Well, yes, obviously

They raise a number of concerns. In particular, that whilst steps to block companies from the supply chain if they do not have identifiable beneficial ownership are welcome, they then note that:

the clauses on toughening up the exclusion of businesses displaying poor tax conduct are weak in the extreme. Nothing at all on tax avoiders.

Tax avoidance is, by definition, legal. Why should someone be barred from supplying government if they are, by definition, obeying the law?

10 thoughts on “Well, yes, obviously”

  1. He wants the Fair Tax Mark to be a condition of public procurement. No corruption or conflicts of interest there then.

  2. Beneficial ownership is actually a struggle at many levels. We lend money secured on commercial real estate. The beneficial ownership is something we care about to avoid politically exposed persons etc. There are huge issues with finding out who exactly owns the third shell company up.

  3. @Sam Jones,

    Thanks for reminding me of the FTM, just had a look to see how they were doing. A few utilities on there now, but their tag line is “over 50” companies registered, up from 44 two years ago and looks like a number of names have given up and dropped off the list.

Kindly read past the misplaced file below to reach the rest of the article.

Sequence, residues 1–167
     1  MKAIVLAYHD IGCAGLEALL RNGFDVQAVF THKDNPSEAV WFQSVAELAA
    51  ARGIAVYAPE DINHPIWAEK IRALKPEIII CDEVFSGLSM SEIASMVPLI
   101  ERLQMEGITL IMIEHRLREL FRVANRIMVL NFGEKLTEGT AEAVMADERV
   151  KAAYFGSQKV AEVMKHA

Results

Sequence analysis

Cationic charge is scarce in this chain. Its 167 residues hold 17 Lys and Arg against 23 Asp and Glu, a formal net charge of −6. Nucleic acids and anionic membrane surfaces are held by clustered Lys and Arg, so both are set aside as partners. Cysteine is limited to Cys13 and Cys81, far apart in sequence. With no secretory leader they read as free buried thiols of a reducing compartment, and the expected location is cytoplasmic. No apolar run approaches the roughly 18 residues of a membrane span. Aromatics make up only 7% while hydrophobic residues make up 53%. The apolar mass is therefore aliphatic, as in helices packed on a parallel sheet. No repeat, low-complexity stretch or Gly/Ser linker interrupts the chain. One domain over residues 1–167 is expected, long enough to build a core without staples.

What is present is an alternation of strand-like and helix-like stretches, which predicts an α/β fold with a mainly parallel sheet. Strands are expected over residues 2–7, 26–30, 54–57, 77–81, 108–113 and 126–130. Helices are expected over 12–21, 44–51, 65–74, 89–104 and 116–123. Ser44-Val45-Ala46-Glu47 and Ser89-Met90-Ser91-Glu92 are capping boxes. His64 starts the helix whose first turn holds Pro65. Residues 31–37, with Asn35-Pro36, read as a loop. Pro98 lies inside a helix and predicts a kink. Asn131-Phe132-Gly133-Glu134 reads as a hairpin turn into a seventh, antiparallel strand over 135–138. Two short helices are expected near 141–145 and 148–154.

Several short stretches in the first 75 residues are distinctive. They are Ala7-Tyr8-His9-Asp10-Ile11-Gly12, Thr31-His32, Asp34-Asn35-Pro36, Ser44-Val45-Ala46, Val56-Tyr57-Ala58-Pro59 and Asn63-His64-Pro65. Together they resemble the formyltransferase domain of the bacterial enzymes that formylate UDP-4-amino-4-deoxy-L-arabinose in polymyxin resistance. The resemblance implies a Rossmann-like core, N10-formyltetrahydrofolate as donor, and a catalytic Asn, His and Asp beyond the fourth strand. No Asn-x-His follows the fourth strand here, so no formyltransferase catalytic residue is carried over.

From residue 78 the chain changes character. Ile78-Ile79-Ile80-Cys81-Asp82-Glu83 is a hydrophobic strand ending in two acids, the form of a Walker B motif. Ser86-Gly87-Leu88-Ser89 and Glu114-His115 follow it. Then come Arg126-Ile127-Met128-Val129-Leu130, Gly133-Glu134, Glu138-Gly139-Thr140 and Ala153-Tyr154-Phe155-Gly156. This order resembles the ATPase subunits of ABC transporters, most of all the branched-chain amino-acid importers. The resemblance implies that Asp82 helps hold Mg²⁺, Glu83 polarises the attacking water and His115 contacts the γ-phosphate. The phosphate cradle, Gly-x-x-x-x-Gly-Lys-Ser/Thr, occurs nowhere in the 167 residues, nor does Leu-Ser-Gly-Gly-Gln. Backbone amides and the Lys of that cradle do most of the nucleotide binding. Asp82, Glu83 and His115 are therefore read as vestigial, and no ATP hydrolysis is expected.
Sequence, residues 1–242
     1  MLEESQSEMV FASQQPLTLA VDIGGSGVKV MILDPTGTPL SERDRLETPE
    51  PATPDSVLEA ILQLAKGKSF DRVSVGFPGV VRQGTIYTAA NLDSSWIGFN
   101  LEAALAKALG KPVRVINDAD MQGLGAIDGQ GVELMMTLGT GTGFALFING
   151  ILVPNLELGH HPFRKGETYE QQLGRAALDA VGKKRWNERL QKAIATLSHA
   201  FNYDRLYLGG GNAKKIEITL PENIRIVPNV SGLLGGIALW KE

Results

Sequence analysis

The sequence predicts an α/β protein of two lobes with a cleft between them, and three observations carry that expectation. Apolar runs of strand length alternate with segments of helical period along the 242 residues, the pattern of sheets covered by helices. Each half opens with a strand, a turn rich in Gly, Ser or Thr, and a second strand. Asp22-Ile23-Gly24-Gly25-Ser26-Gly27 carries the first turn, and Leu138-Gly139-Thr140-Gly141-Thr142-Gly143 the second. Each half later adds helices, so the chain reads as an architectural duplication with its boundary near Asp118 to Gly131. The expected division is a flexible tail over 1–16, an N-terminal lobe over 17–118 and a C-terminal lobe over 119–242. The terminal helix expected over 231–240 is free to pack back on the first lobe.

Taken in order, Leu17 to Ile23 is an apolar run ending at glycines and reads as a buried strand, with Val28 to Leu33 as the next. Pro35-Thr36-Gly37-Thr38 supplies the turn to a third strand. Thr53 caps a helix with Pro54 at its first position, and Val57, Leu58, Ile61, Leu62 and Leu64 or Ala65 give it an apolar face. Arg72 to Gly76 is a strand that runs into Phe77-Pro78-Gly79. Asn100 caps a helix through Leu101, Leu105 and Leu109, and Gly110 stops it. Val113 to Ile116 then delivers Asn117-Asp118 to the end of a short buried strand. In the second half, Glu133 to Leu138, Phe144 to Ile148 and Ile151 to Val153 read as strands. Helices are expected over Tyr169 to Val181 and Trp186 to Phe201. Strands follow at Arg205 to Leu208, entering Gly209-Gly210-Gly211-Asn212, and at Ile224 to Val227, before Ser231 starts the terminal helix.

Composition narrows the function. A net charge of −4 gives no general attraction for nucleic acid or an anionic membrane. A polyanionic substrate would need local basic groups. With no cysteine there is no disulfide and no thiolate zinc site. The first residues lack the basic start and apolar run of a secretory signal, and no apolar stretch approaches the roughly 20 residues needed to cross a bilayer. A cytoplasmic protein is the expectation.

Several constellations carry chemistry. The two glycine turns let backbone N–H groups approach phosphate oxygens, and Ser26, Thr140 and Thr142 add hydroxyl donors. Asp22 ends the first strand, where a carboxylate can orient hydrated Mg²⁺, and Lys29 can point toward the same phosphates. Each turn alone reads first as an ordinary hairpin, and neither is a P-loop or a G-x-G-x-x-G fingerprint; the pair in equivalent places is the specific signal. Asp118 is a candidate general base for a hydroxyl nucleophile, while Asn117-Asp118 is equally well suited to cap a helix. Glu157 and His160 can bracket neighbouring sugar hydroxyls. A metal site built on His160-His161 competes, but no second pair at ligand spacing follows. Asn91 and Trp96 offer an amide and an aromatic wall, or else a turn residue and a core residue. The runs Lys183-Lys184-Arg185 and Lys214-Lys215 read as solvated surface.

A good time to remind everyone that nearly 7 years from launch, their business plan was to sign up 300 companies in the first 3 years. The accounts shows it employs 3 people, gets in £250K but half of that is from grants, not revenue from accrediting or renewing the mark.

    This thing is a flop, as a business and as a campaign.

  4. “We lend money secured on commercial real estate.”

    Deeded owner matters. Should borrower default, beneficial ownership is of little interest.

    “The beneficial ownership is something we care about to avoid politically exposed persons etc.”

    What does than mean? Examples?

    “There are huge issues with finding out who exactly owns the third shell company up.”

    Why? What does it matter? Examples?

  5. The beneficial ownership is something we care about to avoid politically exposed persons etc.

    I read that as “We want to be sure that if we foreclose it will actually happen and our money won’t disappear in a puff of cronyism” Answers to the other questions follow logically.

  6. @gamecock. Matt is right. It’s not about security. That bit is relatively easy. It’s about sending money up through a series of companies to someone who has links to mass murderers or someother not-so-nice person. If there is an equity release with a planned dividend it gets to be a real concern. It always amazes me how many people who own small shops are connected to politicians in their countries of origin.

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